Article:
Passionate biography of the inventor of the first practical machine gun.
Son of a prosperous farmer and inventor, Richard Gatling (1818–1903) designed a screw propeller to drive ships at age 17. Unfortunately, his application arrived at the Patent Office only months after John Ericsson’s similar device revolutionized ship transport. At 26, Gatling struck it rich with a seed planter that enabled farmers to sow in uniform rows instead of scattering seeds by hand; he filed nine more agricultural patents over the next two decades. The 1790 U.S. patent law was a historic achievement, points out Chicago Tribune culture critic Keller. Making it cheap and easy for Americans to profit from an invention, it became the engine of an explosion of technical advances. In 1861, Gatling used a rotary mechanical principle similar to that of his seed planter in a patent for the first useful rapid-fire “battery gun.” Despite his energetic efforts, conservative Union ordinance officials rejected it. First-time author Keller contradicts historians who claim the first Gatling was clumsy and unreliable; it worked fine from the beginning, she demonstrates. The army reversed itself in 1866, armies throughout the world quickly followed and the Gatling remained in use until the 1890s. Because this is such an interesting history, it’s regrettable that Keller is so eager to improve material that doesn’t require improvement. She adopts fashionable fictional devices such as writing in the present tense (“The wide world beckons. Gatling is leaving home, mounting his horse for the daunting and perilous 737-mile journey.”) and revealing her hero’s inner thoughts: “No, no, no. His head was too full of all the things he wanted to build.”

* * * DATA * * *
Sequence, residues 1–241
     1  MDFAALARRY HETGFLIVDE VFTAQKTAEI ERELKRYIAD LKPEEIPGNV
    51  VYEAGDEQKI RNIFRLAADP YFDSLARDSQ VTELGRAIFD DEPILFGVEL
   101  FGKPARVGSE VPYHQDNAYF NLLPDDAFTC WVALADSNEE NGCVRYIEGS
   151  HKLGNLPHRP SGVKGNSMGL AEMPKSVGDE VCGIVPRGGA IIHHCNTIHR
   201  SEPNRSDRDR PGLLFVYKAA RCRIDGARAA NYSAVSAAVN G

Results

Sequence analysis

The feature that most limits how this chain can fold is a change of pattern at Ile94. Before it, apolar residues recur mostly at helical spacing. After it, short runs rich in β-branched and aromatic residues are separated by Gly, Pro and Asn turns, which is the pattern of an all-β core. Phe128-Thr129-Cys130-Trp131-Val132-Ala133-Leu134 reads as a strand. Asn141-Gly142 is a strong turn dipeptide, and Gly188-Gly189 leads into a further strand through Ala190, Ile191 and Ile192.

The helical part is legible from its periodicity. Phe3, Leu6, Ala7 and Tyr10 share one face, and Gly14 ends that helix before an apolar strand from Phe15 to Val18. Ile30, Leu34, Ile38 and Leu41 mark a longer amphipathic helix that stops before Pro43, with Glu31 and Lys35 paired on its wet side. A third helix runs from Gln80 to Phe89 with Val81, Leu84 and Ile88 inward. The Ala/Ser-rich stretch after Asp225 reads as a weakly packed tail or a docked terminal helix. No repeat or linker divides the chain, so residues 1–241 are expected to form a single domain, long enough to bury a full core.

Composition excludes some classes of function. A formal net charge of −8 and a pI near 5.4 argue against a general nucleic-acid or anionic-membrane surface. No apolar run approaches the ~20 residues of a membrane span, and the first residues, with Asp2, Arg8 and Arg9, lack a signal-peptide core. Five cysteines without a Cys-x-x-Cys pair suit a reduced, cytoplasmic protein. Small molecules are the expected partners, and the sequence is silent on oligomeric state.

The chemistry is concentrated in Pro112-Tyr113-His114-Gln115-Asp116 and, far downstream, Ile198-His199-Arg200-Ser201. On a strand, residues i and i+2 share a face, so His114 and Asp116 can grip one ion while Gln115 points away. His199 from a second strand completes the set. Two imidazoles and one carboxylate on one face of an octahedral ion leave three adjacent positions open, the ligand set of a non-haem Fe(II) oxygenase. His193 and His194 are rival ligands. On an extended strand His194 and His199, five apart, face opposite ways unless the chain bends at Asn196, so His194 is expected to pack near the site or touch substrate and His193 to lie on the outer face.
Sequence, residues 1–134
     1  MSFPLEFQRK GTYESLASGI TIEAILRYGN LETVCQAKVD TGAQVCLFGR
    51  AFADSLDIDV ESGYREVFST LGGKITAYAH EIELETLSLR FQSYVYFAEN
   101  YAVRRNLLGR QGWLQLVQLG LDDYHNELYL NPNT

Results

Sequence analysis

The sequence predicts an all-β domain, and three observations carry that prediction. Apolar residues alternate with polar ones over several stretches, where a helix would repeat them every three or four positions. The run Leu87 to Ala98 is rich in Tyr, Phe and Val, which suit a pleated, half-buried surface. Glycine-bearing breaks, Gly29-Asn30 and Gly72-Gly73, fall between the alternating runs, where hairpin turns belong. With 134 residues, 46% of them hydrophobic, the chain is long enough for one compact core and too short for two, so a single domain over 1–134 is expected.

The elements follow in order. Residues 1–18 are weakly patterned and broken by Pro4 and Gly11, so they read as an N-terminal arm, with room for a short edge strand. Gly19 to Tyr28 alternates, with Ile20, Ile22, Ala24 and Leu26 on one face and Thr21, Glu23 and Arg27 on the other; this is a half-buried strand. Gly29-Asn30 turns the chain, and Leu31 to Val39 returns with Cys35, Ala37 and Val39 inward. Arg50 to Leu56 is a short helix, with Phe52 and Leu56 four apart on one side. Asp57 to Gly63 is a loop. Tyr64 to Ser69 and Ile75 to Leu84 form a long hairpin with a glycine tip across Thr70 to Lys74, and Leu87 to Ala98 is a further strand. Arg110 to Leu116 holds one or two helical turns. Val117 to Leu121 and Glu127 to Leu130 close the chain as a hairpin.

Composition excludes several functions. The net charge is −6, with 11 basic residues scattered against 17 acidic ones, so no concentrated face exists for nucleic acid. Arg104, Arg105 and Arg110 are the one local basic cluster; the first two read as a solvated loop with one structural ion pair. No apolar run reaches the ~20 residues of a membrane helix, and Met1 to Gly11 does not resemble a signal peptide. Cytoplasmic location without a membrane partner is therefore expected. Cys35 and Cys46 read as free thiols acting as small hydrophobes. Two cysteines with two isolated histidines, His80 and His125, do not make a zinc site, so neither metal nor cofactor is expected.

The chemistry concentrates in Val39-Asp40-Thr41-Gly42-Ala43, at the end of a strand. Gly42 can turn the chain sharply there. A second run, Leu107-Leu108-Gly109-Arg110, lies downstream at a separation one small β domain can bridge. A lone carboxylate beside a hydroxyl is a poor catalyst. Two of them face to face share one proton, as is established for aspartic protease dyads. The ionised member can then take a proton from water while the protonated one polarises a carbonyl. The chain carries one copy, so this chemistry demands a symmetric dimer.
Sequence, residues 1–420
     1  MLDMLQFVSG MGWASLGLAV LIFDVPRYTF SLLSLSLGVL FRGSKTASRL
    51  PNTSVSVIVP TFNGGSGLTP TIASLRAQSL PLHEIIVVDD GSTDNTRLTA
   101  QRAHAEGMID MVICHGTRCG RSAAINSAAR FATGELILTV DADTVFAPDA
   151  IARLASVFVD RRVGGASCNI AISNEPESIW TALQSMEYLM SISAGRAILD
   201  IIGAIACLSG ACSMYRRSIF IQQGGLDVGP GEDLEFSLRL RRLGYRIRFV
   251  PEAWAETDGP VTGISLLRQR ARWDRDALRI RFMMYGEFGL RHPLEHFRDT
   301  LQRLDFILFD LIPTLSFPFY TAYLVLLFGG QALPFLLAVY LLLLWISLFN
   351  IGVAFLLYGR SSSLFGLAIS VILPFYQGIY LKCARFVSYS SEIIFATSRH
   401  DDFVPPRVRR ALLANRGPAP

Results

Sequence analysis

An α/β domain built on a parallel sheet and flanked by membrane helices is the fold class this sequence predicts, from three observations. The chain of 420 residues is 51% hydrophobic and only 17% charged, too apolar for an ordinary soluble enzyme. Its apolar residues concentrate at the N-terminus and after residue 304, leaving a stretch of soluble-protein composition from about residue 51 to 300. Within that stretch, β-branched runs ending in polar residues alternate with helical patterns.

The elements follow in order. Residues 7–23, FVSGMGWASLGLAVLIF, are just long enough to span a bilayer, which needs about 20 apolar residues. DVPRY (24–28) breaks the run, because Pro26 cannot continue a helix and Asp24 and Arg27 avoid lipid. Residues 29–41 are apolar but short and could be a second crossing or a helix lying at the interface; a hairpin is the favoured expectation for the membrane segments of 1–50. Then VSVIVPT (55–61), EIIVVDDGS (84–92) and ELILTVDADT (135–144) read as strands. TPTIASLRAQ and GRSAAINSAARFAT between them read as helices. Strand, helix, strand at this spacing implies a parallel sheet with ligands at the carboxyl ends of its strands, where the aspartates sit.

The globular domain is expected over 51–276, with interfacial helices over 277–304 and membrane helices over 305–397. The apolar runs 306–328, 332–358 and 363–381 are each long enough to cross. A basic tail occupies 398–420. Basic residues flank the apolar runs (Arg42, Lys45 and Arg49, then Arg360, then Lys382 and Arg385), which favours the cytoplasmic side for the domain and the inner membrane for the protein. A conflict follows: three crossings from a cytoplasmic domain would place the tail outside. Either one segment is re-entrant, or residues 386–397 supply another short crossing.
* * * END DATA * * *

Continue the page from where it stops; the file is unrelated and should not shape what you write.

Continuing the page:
Overheated prose only slightly mars this colorful portrait of an underappreciated American inventor and his times.